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Urban beekeepers defy law for hives and honey; The activity goes on, but is illegal in New York City


NEW YORK The setting -- the rooftop of a brownstone on West 113th Street in Manhattan -- hardly evoked the lazy bee-hum of rusticity. Looming to the north was the brick bulk of Butler Library at Columbia University. To the southeast jutted the latticework scaffolding of the ever-unfinished Cathedral of St. John the Divine.

Suddenly, the swirl of bees hanging around two honeybee hives formed a cloud about the heads of four of the brownstone's inhabitants, Jill Laurie Goodman and her three children, urban beekeepers all. "Just look at them," Ms. Goodman said proudly of her bees, as if she were acknowledging a blue-ribbon Charolais steer at the county fair. "Aren't they amazing?"

If pigeon-fancying was the rooftop recreation of choice during the "On the Waterfront" era, urban beekeeping is poised to become a hot new bull-market avocation. Two summers ago, David Graves, a veteran bee master who was on the roof helping Ms. Goodman tend the hives, knew of just one beehive in the five boroughs: now he is aware of 13 hives in Manhattan, Brooklyn and the Bronx. And city beekeepers claim that there could be twice that number.

But few beekeepers reveal their presence because, under the New York City Health Code, the activity is illegal. Section 161.01 bans keeping animals that are "wild, ferocious, fierce, dangerous or naturally inclined to do harm." An offender could be fined up to $2,000.

"By nature, bees are wild, and people are in danger of being stung," said John Gadd, a spokesman for the city's Department of Health. "And for those who are allergic to bees, it's alife-or-death issue."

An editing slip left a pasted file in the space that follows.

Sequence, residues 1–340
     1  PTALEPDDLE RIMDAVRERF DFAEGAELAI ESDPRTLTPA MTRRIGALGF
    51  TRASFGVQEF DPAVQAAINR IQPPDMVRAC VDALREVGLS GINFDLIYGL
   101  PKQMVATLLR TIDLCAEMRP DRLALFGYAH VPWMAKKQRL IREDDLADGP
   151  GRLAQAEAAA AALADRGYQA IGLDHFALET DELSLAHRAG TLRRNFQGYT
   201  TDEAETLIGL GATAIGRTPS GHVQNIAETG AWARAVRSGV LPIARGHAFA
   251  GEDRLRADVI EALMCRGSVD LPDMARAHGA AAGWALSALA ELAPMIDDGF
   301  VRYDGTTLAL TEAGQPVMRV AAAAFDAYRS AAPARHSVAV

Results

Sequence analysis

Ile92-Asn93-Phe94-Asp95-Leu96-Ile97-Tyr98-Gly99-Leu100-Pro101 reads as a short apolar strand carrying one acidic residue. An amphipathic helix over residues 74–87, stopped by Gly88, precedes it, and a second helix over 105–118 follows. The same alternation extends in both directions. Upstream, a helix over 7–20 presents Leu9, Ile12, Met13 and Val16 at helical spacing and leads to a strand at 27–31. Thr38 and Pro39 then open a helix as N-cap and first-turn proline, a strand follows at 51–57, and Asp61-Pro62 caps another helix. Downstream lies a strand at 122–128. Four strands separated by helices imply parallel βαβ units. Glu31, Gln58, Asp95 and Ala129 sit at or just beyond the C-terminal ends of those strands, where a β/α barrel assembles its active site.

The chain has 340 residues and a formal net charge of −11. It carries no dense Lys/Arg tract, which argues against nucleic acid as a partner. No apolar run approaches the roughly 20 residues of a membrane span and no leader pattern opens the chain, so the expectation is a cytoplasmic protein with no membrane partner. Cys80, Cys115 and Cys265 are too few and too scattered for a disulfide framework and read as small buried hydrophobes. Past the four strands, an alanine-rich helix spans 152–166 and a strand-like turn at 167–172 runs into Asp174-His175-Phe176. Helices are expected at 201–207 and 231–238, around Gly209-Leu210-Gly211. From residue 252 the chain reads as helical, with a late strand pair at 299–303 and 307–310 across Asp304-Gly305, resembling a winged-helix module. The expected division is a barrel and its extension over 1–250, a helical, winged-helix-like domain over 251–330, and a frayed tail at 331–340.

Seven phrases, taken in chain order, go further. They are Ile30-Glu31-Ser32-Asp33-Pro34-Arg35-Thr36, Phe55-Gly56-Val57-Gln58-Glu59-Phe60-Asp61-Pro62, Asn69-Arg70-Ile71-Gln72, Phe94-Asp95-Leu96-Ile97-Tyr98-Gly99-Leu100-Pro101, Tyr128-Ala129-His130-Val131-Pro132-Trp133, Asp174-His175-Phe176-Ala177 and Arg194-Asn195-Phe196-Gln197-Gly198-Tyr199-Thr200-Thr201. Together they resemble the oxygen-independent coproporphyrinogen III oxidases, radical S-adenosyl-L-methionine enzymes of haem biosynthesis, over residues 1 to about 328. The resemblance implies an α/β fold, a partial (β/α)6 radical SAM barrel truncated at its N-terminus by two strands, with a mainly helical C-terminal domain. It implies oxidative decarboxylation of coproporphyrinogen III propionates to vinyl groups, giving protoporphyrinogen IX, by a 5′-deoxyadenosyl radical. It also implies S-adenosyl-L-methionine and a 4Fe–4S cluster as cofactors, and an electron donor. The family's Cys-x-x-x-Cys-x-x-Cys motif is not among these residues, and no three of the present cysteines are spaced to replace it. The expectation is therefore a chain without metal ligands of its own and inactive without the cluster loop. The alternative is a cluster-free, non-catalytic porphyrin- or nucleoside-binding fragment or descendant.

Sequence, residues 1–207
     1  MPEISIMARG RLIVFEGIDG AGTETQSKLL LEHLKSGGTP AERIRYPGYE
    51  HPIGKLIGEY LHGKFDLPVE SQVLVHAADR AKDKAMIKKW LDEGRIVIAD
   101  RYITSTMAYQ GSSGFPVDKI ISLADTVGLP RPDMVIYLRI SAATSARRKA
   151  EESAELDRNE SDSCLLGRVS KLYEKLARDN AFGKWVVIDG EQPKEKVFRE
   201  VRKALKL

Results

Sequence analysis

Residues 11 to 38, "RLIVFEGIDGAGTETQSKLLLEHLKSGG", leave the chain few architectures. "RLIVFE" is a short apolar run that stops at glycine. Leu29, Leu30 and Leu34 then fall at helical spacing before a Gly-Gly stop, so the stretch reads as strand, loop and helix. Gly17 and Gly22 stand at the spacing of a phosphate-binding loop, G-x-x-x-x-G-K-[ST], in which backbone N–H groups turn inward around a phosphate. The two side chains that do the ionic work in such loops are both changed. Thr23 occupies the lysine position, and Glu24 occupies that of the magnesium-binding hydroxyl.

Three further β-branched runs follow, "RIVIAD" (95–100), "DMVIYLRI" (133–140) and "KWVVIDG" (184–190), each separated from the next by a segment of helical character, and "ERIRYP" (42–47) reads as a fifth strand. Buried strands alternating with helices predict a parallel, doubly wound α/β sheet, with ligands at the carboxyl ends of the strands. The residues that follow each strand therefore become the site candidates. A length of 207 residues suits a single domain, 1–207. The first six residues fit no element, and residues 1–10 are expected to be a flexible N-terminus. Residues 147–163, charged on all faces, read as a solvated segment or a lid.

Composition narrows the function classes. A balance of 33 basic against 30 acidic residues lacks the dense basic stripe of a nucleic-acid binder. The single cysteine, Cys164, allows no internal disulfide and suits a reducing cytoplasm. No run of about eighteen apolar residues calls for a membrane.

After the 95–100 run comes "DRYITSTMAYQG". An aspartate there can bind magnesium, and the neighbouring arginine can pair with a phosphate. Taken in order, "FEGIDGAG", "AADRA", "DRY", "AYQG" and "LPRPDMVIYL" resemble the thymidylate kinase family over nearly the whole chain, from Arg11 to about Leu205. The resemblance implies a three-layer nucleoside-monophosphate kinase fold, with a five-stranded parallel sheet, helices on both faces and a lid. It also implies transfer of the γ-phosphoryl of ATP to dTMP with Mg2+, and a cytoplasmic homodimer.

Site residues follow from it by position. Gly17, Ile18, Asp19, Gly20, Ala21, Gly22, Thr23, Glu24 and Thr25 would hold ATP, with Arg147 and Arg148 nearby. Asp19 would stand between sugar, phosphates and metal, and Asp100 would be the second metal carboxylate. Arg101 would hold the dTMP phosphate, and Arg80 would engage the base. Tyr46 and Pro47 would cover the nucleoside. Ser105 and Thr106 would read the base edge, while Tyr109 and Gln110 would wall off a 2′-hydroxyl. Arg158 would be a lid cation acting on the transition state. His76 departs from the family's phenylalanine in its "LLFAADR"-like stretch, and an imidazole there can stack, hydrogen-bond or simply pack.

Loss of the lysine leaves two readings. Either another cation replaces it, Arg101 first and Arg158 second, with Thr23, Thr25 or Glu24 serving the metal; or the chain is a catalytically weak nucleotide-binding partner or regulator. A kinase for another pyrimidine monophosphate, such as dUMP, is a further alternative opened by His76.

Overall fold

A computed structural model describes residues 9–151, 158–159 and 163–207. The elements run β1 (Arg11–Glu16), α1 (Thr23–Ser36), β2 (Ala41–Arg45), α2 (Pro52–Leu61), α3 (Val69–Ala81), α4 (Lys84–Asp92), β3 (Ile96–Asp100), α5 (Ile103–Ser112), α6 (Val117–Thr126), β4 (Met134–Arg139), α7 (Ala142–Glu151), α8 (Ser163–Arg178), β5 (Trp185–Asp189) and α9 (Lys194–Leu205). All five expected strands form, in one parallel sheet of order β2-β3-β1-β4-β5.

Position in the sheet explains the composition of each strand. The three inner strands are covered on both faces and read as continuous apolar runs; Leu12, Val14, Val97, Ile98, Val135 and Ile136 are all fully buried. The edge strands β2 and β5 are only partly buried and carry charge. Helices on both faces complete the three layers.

But like many other beekeepers, Graves a veteran hive master from Becket, Mass., who introduced Ms. Goodman to beemania two summers ago contends that honeybees rarely sting when they are away from their rooftop hives, which are locked and inaccessible to pedestrians. "A ban on bees is like a ban on nature," he said.

Graves has become the Johnny Appleseed of New York beedom. Four days a week, the 49-year-old farmer visits New York to sell home-produced honeys, jams, jellies and maple syrups from his Berkshire Berries cart. For six years he has been a fixture in the Greenmarkets at Union Square and the World Trade Center and on West 77th Street at Columbus Avenue.

Two years ago, to increase the supply of his signature offering, New York City Honey, Graves began establishing hives on buildings owned by sympathetic New Yorkers. He maintains the hives, trains the owners to be beekeepers and gives them some of the honey as rent. The rest goes into his golden bottles, emblazoned with yellow-and-blue labels proclaiming his product "Bee-licious."

Whether the Health Department plans any queen-bee busts is unclear. Last month the agency faced the rage of a group called New York City Friends of Ferrets when it adopted a list of more than 150 animal species deemed unfit for urban living.

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